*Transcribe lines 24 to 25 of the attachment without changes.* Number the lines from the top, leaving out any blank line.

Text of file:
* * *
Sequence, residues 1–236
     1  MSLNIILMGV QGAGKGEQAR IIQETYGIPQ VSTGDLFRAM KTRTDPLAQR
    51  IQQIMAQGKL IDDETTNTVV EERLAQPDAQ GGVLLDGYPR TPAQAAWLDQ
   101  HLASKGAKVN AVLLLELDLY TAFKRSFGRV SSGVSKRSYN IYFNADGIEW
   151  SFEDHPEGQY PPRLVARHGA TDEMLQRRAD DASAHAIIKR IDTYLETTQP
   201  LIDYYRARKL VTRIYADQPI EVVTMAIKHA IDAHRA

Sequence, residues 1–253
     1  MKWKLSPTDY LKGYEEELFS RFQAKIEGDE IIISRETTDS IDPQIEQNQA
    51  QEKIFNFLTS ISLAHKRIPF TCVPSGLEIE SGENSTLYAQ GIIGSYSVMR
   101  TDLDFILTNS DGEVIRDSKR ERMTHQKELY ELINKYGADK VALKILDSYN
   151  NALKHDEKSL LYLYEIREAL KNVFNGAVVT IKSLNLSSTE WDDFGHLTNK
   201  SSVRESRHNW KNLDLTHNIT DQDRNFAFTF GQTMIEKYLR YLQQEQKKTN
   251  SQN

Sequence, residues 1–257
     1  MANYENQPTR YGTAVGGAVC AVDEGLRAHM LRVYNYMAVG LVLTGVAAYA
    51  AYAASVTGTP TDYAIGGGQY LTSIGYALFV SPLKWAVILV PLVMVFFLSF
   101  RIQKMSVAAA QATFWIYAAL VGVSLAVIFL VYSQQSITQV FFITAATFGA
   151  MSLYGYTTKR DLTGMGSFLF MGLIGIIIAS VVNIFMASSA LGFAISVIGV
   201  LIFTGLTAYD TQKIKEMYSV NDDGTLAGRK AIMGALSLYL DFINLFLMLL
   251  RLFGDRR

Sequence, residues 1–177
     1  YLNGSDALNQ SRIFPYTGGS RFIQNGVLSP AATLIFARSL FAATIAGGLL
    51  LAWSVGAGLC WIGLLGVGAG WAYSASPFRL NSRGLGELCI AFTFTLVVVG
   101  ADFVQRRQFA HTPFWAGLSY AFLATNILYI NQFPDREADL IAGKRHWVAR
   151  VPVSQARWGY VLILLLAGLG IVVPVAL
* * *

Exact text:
   101  ADFVQRRQFA HTPFWAGLSY AFLATNILYI NQFPDREADL IAGKRHWVAR
   151  VPVSQARWGY VLILLLAGLG IVVPVAL